- Enhanced antioxidant absorption: Some studies suggest that the combination of black tea and spices in chai may enhance the absorption and utilization of antioxidants from other foods consumed along with it. This can potentially amplify the overall antioxidant benefits of a meal.
How regularly should I drink chai tea to maximize health benefits?
However, as a general guideline, regular consumption of chai tea could mean incorporating it into your routine a few times a week or even daily. It's important to listen to your body and adjust the frequency according to your own tolerance and any potential reactions you may experience.
Always remember that “regular consumption" can vary depending on your own individual preferences and health considerations.
How is chai tea traditionally prepared?
The spiced tea is often brewed strongly, mixed with milk, and sweetened with honey or sugar. Nevertheless, the modern milky and sweet tea commonly found in coffee and tea shops today bears a notable resemblance to the authentic origins of Indian chai.
Making your own chai tea at home: 7 Step-by-step directions
Chai tea is typically prepared by steeping a blend of black tea, spices, milk, and sweetener. While the exact preparation method may vary, here's a general guide to preparing chai tea:
- Gather the ingredients: You will need black tea leaves or tea bags, spices (such as cinnamon sticks, cardamom pods, cloves, ginger, and black peppercorns), milk (dairy or non-dairy alternatives), sweetener (like sugar, honey, or a natural sweetener), and water.
- Prepare the spice blend: In a saucepan, combine the desired spices (crushed or whole) with water. Common spice ratios include 1 cinnamon stick, 4-6 cardamom pods, 4-6 cloves, a small piece of ginger, and a pinch of black peppercorns. Adjust the spices according to your taste preferences.
- Simmer the spices: Bring the spice mixture to a gentle simmer over medium heat. Allow it to simmer for about 5-10 minutes, allowing the flavors to infuse into the water.
- Add black tea: Add black tea leaves or tea bags to the simmering spice mixture. Use approximately 2-3 teaspoons of loose tea or 2-3 tea bags per cup of water. Continue simmering for another 2-3 minutes.
- Add milk: Pour in the desired amount of milk. Traditional chai recipes often use whole milk, but you can choose any type of milk, including dairy-free alternatives like almond, soy, or oat milk. Adjust the milk quantity based on your preference for a stronger or milder tea.
- Sweeten to taste: Add sweetener such as sugar, honey, or a natural sweetener like maple syrup. Stir well and taste as you go, adding more sweetener if desired.
- Strain and serve: Once the chai tea is well-infused and flavors have melded, strain the mixture to remove the tea leaves and spices. Pour the chai into cups or mugs and serve hot.
Note: The specific measurements and brewing times may vary based on personal preference and the strength of flavors desired. It's always a good idea to experiment with proportions to find the perfect balance for your taste!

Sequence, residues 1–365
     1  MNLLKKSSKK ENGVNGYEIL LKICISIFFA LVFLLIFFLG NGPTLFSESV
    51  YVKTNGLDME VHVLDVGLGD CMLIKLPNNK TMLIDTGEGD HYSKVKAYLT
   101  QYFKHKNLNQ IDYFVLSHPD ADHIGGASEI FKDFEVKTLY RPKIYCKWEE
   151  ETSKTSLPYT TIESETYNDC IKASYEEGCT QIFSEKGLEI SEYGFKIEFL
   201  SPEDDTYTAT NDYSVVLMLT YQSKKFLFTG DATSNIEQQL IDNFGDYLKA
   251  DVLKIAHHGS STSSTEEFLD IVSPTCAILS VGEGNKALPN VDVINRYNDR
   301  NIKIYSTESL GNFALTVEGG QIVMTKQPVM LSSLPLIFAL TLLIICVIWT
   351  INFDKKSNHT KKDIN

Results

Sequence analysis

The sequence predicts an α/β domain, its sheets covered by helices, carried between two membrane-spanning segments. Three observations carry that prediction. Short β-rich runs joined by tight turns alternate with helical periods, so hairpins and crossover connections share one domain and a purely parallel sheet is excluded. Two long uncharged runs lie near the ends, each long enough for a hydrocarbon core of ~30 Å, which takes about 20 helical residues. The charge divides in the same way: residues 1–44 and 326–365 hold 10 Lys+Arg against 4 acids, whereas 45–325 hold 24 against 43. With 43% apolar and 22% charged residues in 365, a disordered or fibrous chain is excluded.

Additionally, there are a variety of ready-to-use chai tea mixes or chai tea bags you can find online or in-store, which can be steeped in hot water and then mixed with milk and sweetener according to the package instructions.
Remember, chai tea can be customized to suit individual preferences, so feel free to adjust the spice levels, sweetness, and choice of milk to create your ideal cup of chai tea.
What is Dr. Weil’s favorite way to prepare chai tea? With matcha tea, of course!
We’ve actually outlined 6 reasons why combining matcha tea with chai is packed with a long-list of boosted health benefits. You can read the full article here.
Our new Organic Matcha Masala Chai is sure to bring a spark of joy into your collective wellness & our daily health rituals. Shop our organic matcha masala chai mix today!
The bottom line: try adding chai to your wellness routine
From antimicrobial effects to better bone health to contributing to healthy weight management, there is no doubt that chai tea has the potential to offer a range of well-studied health benefits. It is rich in antioxidants, supporting cellular health and reducing the risk of chronic diseases. The combination of spices, including ginger, cardamom, and cinnamon, aids digestion, alleviates bloating, and possesses anti-inflammatory properties.
Regular consumption of chai tea, which contains black tea, may promote heart health, regulate blood sugar levels, and aid in the digestion of fats. Its caffeine content can enhance cognitive function and mental alertness. Chai's warming spices, including cinnamon and cloves, also help reduce stress levels and potentially increase metabolism.
It's important to remember that while chai tea may offer potential health benefits, individual results can vary. Also, it's always advisable to consult with a healthcare professional or registered dietitian for personalized advice, especially if you have specific health concerns or conditions.